As if federal citizenship-based taxation wasn’t bad enough, on the recently updated website of the Virginia Department of Taxation, we see a blatant attempt to scare people born in Virginia into paying taxes they don’t owe, by reiterating the falsehood that an American citizen by definition must be domiciled in one of the fifty states — since of course as we all know, no one ever checks out from the
Hotel California Greatest Country on Earth™ besides a few rich ingrates fleeing the estate tax:
Virginia residents who travel outside the country, or take up temporary or permanent residence abroad, should be aware of the filing provisions discussed below. If you are a Virginia resident who accepts employment in another country or moves outside the United States for other reasons (including military orders), the fact that you are living abroad does not mean that you are no longer considered a Virginia resident for tax purposes. Unless you have established residency in another state, you will still be considered a domiciliary resident of Virginia, and will be required to file Virginia income tax returns.
A domiciliary resident of Virginia is one whose legal domicile in the technical sense is in Virginia. Unless an individual acquires a legal domicile in another state, he or she is still a Virginia resident. This applies even if the person is residing in another jurisdiction and may have been residing there for a number of years. The fact that a person has been absent from Virginia, whether in the foreign service of the United States or in the exercise of private enterprise, does not in any way cancel out their Virginia citizenship or legal domicile.
In otherwords, if you’re not elsewhere in the United States, the Virginia Department of Taxation will try to claim you must be in Virginia — a ridiculous imitation of the federal law which claims that all U.S. Persons abroad live in neighbouring DC. But what does actual Virginia state taxation law have to say about this situation? 23 Virginia Administrative Code 10-110-30 B(3):
3. Domiciliary resident. A “domiciliary resident” is one whose legal domicile is Virginia. Most domiciliary residents actually live in Virginia; however actual presence in the state is not required. Any person who has not moved from the state with the intention of permanently residing outside of Virginia is still a domiciliary resident even though he may be actually living some place else.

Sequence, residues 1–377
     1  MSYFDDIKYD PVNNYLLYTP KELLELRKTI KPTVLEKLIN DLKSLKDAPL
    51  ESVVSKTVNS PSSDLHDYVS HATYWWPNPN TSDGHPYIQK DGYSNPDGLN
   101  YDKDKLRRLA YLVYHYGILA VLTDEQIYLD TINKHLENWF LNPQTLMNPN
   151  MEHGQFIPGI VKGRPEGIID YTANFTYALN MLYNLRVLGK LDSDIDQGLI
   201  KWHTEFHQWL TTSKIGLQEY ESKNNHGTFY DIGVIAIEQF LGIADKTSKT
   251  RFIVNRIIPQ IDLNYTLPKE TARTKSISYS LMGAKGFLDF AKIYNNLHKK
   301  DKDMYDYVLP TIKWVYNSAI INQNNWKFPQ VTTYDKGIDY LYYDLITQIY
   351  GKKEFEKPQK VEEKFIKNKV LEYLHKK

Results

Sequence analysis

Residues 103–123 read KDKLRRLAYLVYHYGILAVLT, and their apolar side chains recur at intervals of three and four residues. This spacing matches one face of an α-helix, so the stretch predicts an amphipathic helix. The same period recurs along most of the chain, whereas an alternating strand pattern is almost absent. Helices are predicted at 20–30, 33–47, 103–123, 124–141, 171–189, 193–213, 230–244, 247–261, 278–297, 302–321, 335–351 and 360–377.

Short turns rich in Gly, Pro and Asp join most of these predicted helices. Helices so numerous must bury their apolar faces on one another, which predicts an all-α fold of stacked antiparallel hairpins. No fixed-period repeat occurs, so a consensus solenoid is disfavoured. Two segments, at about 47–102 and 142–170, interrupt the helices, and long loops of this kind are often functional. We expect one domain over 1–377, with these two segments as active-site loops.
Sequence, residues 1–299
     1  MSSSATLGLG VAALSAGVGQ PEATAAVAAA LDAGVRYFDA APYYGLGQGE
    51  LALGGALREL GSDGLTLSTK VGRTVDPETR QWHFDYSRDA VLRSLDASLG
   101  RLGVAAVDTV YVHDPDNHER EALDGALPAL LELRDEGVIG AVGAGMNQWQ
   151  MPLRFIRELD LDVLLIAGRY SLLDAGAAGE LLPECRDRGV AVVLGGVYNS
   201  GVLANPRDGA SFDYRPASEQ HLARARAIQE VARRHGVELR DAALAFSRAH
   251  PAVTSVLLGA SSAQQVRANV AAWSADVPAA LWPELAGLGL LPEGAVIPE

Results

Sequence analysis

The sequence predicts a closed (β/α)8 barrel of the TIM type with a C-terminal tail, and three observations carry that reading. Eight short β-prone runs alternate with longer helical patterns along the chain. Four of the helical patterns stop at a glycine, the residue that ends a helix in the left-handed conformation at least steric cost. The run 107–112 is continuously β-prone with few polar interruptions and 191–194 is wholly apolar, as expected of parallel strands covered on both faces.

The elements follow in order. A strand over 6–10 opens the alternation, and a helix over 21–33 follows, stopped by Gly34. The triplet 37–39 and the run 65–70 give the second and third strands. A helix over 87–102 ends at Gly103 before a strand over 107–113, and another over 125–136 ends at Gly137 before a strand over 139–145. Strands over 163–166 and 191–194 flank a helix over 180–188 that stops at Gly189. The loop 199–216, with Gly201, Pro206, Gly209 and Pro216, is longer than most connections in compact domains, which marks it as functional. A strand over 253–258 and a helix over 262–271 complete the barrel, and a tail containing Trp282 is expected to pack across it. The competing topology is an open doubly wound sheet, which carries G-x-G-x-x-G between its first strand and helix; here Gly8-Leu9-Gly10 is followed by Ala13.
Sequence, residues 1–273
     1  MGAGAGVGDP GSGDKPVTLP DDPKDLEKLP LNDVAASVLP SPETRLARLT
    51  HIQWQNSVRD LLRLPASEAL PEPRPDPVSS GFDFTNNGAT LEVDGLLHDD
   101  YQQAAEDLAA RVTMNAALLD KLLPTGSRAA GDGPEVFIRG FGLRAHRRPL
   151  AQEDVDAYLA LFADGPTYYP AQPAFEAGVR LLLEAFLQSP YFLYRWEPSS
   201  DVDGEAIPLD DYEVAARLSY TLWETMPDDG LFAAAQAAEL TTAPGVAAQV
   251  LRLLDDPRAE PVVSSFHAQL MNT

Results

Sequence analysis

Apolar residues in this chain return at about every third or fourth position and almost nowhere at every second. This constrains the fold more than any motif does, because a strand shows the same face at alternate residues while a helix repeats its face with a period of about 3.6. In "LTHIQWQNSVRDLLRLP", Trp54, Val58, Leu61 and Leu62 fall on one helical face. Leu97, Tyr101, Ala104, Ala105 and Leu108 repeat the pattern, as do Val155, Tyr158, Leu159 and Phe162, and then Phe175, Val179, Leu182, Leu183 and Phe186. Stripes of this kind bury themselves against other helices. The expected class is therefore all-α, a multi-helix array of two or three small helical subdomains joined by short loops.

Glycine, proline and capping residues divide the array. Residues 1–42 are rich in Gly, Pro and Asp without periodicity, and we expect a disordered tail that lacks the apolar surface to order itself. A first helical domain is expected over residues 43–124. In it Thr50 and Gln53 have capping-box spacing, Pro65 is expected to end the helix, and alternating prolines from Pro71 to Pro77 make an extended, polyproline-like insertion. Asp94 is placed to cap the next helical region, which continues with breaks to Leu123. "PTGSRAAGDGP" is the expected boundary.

A domicile once established continues until the individual moves to a new location with the bona fide intention of making his fixed and permanent home there. A person can have only one domicile. If he has two or more places of abode, his domicile is the one which he regards and uses as his permanent home.
Acquiring citizenship in a foreign country is pretty much a textbook example of intending to make your permanent home outside of Virginia, but don’t expect the Department of
Terror Tribute Taxation to want to let anyone know that. In fact, the idea that one can abandon Virginia domicile by moving abroad — not just for purposes of reality but for purposes of tax as well — is borne out by actual rulings of the Tax Commissioner. The best example I can find at short notice is this ruling from 1984, in which a taxpayer who left Virginia, had no income in Virginia, and had no ties to Virginia besides a house that he rented out was ruled to have redomiciled to the United Kingdom where, you know, he actually lived.
The determination of bona fide intention to change one’s domicile is a factual matter which must be resolved on an individual case basis. In making this determination consideration is given to a number of factors, including, but not limited to the following: sites of real and tangible property, location of savings and checking accounts, motor vehicle registration and licensing, motor vehicle operator’s license, voter registration, membership in clubs and civic groups, place of business, profession or employment, charitable contributions, location of schools attended by children, length of time of residence, place of birth and marriage, residence of family, reason for abandoning or acquiring domicile, and, in the case of a minor or married person, domicile of parents, husband, or wife and/or children. No single factor is dispositive in determining domicile; rather the factors are examined collectively to determine if the intent to acquire or abandon Virginia domicile exists. A simple declaration of intent to abandon domicile, or physical presence elsewhere is insufficient to abrogate Virginia domicile.
The idea that a government would take “place of birth” into account as an element of determining domicile shows desperation, but note even then that it’s only one of more than a dozen factors considered. Voter registration in Virginia — the only means by which a former Virginian residing overseas can exercise the pathetically limited franchise for which U.S. Persons abroad pay so dearly — is also no more than one factor.
Just keep in mind: once you’re out of Virginia, you’re much better off never going back. In one case in 1999, an Army guy who was stationed abroad for 12 years, married a German woman, had three German citizen children with her, and had no actually ties to Virginia was found to have been a “Virginia domiciliary resident” for all twelve of those years because after all he went through, he was caught up in the Army’s reduction in force layoffs, became unemployed, and chose to come to Virginia again to pursue civilian employment.
Even more bizarre is this case from 2001, in which a (possibly hypothetical?) minor who had never spent a day in Virginia and who worked overseas as a civilian employee at a U.S. Army base was determined to be a Virginia domiciliary because his parents were domiciled in Virginia when he turned 18.
My advice? Stay as far away from Virginia as possible. And I thought California was bad …